Emily Dickinson Illustrated Editions Collection
Scope and Contents
This collection is housed in one box. It contains various edited materials related to the publication of Poems of Youth and A Murmur in the Trees, both of which contain collected poems by Emily Dickinson, and were published between 1995 and 1998. This collections is comprised of proofs and unbound draft prints, pamphlets with layout drafts from the publisher, Little Brown and Company, Boston, MA for Poems of Youth. This section also includes edited poems and sketches, handwritten notes and post-it notes. The second half of this collection contains edited proofs, illustration information, and a copy of agreement between Ferris Cook and Little, Brown company for the publication of A Murmur in the Trees with the accompanying drawings.
- Dickinson, Emily, 1830-1886 (Author, Person)
Conditions Governing Access
WMU Special Collections. Non-circulating. Contact department for access.
Emily Dickinson, Author
Emily Dickinson wrote more than 1,700 poems, most of which were not published until after her death. The majority of the poems chosen for this collection were written for Dickinson's niece and nephews, who lived in the house next to hers in Amherst, Massachusetts. Rarely leaving the confines of her house and yard, Dickinson passed these small messages across the lawn to her sister-in-law to share with her children.
Thomas B. Allen, Illustrator
Thomas B. Allen was born on January 28, 1928, in Nashville. Mr. Allen attended Vanderbilt University on a football scholarship but left for the Art Institute. Upon graduating, he joined the Marines, although before reporting for duty he visited New York to seek out editorial illustration assignments. The first came from Esquire's art director, Henry Wolf, who after Mr. Allen's discharge commissioned him to do full-page color paintings and more intricate visual essays. Soon Mr. Allen was getting a string of editorial jobs from Seventeen, Colliers, McCall's and Sports Illustrated, as well as advertising work from NBC. His passion for the environment and Americana led to illustrating and writing more than a dozen children's books, including Good-bye, Charles Lindbergh: Based on a True Story by Louise Borden, and In Coal Country, by Judith Hendershot. This spring he completed the illustrations for Grandma's General Store: The Ark by Dorothy Carter, to be published in 2005. Mr. Allen divided his career between doing illustration and teaching it. In 1983 he was named Hallmark Professor at the University of Kansas, and he was later chair of the illustration department at the Ringling School of Art and Design in Sarasota, where he taught until his death on November 8, 2004 at his home in Sarasota, Florida.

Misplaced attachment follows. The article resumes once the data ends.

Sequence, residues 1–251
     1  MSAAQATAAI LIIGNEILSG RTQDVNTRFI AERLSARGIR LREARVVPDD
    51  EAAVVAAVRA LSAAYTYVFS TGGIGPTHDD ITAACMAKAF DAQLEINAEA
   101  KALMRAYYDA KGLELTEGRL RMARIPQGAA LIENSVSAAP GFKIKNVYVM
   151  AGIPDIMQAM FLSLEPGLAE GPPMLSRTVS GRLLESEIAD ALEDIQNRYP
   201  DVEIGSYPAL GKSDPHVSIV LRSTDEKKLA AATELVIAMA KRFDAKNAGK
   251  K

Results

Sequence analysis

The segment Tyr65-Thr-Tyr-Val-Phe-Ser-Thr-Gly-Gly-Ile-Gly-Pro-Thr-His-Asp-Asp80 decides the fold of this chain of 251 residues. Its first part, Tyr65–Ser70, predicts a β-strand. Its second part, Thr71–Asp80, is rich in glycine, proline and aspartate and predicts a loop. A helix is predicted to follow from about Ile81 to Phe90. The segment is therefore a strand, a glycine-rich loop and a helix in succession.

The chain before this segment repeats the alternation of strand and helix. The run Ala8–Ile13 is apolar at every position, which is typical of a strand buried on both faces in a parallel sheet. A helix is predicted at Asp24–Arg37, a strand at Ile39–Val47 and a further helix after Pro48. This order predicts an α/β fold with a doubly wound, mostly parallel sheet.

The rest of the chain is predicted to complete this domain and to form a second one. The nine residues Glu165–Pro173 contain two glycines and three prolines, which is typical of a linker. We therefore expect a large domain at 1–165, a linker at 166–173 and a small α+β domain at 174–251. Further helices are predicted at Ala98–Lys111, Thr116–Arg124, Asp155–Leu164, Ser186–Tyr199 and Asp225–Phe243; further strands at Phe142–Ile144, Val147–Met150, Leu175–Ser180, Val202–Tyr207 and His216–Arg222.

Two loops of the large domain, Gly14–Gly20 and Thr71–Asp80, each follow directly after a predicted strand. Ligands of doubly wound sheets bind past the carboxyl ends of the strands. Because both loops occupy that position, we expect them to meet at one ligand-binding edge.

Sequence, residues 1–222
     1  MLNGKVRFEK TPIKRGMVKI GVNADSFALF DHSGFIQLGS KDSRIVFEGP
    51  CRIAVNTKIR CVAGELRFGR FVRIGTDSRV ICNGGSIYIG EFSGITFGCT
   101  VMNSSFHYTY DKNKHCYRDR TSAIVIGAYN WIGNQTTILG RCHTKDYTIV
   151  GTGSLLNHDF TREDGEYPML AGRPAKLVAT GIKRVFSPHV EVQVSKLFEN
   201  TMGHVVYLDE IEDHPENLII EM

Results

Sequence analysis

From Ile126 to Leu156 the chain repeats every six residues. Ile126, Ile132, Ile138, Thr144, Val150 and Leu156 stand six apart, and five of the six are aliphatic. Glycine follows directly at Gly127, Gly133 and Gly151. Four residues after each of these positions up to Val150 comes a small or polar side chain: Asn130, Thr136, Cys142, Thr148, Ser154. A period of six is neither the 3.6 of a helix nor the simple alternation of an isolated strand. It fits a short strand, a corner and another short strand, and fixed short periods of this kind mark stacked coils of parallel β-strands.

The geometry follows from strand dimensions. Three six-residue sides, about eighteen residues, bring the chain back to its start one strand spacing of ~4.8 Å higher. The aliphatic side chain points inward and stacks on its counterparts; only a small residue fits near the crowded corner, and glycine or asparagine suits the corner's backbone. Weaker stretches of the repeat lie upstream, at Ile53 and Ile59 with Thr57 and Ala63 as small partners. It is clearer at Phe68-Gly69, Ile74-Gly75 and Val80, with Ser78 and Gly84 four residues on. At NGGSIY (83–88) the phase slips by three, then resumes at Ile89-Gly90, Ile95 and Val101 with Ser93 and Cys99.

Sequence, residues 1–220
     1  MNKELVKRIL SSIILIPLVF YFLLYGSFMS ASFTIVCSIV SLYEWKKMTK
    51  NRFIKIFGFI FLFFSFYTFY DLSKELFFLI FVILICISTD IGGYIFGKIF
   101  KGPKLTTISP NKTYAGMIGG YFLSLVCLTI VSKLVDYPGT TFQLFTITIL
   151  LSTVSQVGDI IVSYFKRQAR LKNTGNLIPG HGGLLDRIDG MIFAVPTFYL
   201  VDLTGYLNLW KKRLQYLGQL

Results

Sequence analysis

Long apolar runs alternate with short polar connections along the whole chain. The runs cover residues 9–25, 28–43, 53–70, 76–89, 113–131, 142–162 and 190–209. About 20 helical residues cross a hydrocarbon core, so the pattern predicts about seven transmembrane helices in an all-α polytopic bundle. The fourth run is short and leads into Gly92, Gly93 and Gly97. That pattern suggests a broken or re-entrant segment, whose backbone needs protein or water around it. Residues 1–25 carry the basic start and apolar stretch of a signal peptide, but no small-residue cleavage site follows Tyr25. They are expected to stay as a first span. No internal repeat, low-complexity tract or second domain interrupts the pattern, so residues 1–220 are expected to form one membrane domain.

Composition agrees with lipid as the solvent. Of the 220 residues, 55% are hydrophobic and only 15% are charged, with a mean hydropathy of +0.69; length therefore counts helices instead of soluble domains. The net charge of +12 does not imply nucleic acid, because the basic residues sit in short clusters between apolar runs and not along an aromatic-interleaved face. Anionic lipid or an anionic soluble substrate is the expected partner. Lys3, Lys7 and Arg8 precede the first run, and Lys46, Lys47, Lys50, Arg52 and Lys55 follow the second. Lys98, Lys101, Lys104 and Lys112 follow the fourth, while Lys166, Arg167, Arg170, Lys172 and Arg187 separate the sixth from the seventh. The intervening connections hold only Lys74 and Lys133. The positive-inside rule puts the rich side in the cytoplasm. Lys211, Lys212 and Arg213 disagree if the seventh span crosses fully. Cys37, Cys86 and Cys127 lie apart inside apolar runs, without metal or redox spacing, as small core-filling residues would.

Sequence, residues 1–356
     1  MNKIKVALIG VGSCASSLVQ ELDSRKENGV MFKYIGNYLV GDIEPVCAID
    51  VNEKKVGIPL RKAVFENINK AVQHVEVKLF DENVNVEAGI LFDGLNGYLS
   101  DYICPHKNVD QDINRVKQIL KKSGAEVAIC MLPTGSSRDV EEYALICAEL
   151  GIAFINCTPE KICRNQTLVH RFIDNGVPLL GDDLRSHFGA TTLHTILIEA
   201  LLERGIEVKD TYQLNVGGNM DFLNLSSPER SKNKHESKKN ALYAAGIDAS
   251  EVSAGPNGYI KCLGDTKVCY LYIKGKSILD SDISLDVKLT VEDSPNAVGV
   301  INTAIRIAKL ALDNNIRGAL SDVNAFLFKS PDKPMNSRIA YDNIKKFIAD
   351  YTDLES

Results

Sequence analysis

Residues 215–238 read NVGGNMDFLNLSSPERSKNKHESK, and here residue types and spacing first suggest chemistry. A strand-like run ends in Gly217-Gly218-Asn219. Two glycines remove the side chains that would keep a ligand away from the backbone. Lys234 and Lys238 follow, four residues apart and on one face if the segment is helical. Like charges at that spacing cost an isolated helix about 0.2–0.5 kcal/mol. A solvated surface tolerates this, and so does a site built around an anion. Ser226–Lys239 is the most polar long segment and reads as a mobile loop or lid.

Ferris Cook, Illustrator
Ferris Cook is an artist and book illustrator who lives in upstate New York. Since 1990, she has illustrated and edited many books with collections of poetry and essays including: Odes to Common Things (Pablo Neruda), Odes to Opposites (Pablo Neruda), The Sonnets of Shakespeare, A Murmur in the Trees (Emily Dickinson), The Rose Window (Rilke), Bark (a collection of poetry about dogs), Yowl (a collection of poetry about cats), Garden Dreams and Remembered Gardens (both collections of essays on gardening), Gifts of Love (a collection of love poems), as well as The Garden Trellis, which she wrote and illustrated. Her latest work is an illustrated Arabic edition of Pablo Neruda's 100 Love Sonnets.
Language of Materials
This collection is comprised primarily of drafts, proofs, layout plans, and illustrations pertaining to the creation of Poems for Youth and A Murmur in the Trees, both books containing collections of poems written by Emily Dickinson and published by Little Brown and Company.
Original order of the contents of each box has been maintained.
Little Brown and Company, Publisher
Founded in Boston in 1837, when Charles Little and James Brown formed a partnership “for the purpose of Publishing, Importing and Selling Books.” The company was primarily a bookseller at first, as were most publishing firms of that day, and has in fact traced its roots back even further – to 1784 and a bookstore opened on Marlborough Street by Ebenezer Battelle. Mr. Little and Mr. Brown began by publishing the works of Benjamin Franklin and George Washington, and highlights of their early lists include Edward Gibbon’s Decline and Fall of the Roman Empire, The Letters of John Adams, the speeches of Daniel Webster, and Oliver Wendell Holmes Jr.’s landmark The Common Law. In 1859 the company took over publishing rights to a book entitled Familiar Quotations by John Bartlett. The eighteenth edition of the now familiar Bartlett’s Familiar Quotations, with Geoffrey O’Brien as General Editor, arrived in 2012. To this day, Little, Brown remains committed to publishing fiction of the highest quality and nonfiction of lasting significance. The company’s bestselling novelists include J.D. Salinger, Herman Wouk, James Patterson, Anita Shreve, Michael Connelly, Alice Sebold, Janet Fitch, Pete Hamill, Emma Donoghue, David Foster Wallace, Kate Atkinson, Stephenie Meyer and Elin Hilderbrand. In its early days, Little, Brown published Little Women and Little Men by Louisa May Alcott, Man Without a Country by Edward Everett Hale, and the poetry of Emily Dickinson.
- Emily Dickinson Illustrated Editions Collection finding aid
- Amanda Sidwell, Abbey Buckham, and Ciara Larson
- Description rules
- Describing Archives: A Content Standard
- Language of description
- Script of description
- Language of description note